My guess would be this is a problem with Squeeze.
Thanks for the reply. I have the same issue even if I export it directly
form CS3...Somehow it seems to be losing it's PAR info...
I have the same issue even if I export it directly form CS3...Somehow it seems to be losing it's PAR info...
That contradicts what you posted originally. Please post more details.
Sorry, I should have been more clear.
I've tried to export a compressed version (QuickTime h264 and wmv 768k
stream) directly from CS3 and get similar results. I can force a 16:9 file
but the video is pillar boxed, squashed and does not fill the frame...much
like the 4:3 version I'm getting from Sorenson.
Correct playback of anamorphic files often needs to be manually adjusted in the playback software. Quicktime and Windows Media Player do not easily handle this task. Best to use the KMPlayer, VLC or even GOM player. See if one of those helps.
Thank you Jim. I'll try out those players. Windows Media Player seems to
figure it out. It's Quicktime that is giving me fits...
That's not surprising, and is just one of many reasons why I don't have any version of Quicktime installed on any of three computers.
I've decided to keep life simple, that the players should only deal with square pixels, so here's my method for doing 16:9.
In my case I capture HDV which has a 1.333 PAR, a rectagular pixel.
After I capture, I select the file, and go to File-Interpret Footage, and select square pixels. Now my source footage looks all squeezed up in the preview window. I edit as usual, but I add a Transform filter in the timeline, scale height = 100%, and can you guess the scale width value? That's right 133.3%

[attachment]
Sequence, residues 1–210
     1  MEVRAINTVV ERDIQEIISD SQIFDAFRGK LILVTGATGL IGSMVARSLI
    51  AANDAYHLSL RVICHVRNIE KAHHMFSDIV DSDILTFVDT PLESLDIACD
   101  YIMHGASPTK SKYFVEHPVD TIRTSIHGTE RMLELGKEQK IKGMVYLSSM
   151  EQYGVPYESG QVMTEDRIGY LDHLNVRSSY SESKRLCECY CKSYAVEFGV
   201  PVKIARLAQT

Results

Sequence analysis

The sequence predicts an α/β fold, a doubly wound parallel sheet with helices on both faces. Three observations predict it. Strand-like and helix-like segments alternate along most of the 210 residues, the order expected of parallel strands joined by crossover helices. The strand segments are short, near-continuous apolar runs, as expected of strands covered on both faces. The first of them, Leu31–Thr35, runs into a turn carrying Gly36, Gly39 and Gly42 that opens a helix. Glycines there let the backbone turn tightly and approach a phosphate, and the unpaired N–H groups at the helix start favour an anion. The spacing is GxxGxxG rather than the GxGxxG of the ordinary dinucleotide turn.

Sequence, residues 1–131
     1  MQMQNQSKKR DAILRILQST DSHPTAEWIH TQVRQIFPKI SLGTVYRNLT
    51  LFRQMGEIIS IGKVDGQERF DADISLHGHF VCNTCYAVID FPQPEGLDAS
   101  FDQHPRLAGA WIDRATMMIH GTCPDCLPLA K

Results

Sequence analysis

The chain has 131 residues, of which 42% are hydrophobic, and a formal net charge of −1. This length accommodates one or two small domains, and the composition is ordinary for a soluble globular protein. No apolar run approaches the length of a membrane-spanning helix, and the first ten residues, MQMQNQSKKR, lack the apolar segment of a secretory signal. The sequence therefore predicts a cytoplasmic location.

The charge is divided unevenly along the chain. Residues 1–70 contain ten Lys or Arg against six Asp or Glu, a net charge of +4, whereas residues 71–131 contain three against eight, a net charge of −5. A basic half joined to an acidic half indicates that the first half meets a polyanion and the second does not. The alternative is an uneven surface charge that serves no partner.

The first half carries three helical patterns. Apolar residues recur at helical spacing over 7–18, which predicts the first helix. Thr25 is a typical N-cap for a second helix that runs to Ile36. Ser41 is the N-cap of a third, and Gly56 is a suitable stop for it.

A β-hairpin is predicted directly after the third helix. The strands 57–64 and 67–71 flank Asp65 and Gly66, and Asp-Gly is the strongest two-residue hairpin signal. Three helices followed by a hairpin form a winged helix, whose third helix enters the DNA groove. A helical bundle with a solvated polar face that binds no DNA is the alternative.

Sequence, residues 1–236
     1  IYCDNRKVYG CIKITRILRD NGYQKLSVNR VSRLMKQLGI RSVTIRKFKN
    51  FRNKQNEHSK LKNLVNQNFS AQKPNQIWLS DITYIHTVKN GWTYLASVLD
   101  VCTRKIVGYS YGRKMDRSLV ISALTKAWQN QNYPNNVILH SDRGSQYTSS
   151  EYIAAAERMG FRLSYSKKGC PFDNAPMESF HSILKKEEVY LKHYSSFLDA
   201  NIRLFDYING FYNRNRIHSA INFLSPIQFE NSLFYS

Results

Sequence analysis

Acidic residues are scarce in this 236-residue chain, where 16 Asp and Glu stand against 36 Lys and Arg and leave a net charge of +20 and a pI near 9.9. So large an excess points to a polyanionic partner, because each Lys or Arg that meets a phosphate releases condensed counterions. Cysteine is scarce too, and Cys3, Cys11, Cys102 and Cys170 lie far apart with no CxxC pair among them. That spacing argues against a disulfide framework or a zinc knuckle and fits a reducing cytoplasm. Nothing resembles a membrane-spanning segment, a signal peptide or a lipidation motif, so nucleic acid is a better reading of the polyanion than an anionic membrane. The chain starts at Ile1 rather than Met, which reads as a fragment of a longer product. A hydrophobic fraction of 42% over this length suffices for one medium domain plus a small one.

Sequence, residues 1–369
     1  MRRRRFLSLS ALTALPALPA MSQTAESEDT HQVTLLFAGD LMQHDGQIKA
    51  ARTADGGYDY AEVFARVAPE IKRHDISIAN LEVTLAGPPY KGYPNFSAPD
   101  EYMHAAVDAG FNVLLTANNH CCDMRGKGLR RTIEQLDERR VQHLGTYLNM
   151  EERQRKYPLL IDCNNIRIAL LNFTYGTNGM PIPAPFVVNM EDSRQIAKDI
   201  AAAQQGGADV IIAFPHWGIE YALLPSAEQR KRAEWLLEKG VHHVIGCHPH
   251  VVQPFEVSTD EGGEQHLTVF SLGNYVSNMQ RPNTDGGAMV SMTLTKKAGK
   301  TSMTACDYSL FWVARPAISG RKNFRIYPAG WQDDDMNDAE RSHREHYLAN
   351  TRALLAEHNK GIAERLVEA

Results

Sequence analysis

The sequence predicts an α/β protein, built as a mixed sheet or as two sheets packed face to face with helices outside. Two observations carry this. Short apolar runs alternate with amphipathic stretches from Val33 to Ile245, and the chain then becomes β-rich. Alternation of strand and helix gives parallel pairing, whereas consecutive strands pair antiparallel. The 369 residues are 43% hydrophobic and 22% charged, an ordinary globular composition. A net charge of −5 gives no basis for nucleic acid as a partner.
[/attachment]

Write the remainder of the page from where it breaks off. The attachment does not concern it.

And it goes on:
Now I have a 16:9, square pixel output and I select a 16:9 output dimension, like 520 wide by 292 high.
Works like a champ, without having to use silly hd codecs or anamorphic mumbo jumbo.
I use it for Flash delivery and I use it for podcasting apps as well.
Hope that helps!
Thank you for your reply. That's the best solution I've gotten so far. I
just had another situation where your trick would have worked for me...I
recently opened a project using the default 16:9 DV settings. I imported
BetaSP through my BlackMagic video card. The footage was shot 16:9 SD.
Premiere recognized it and scaled the video to the proper 16:9 size.
Unfortunately the captured footage acquired weird "sparkles", some kind of
digital artifacts. I was on a tight deadline to finish the video, it was a
56 minute infomercial, so I ignored the problem until I was done with the
edit. I tried every setting I could imagine, recaptured, spit, swore...but
nothing removed the sparkles. Sooooo, I opened a new project using the
BlackMagic 8bit uncompressed settings like I should have in the first place.
I imported the DV project into the new one and recaptured all the footage.
Viola, no sparkles! The only problem was Premiere didn't rescale the footage
as it had in the DV project. It played pillar boxed 4:3 in this new 16:9
project. I kind of eyeballed it and scaled the width to 136% and the world
was a better place to live...Next time I'll use the 133.3% width and see how
Sorry for the long story and thanks again for the solution!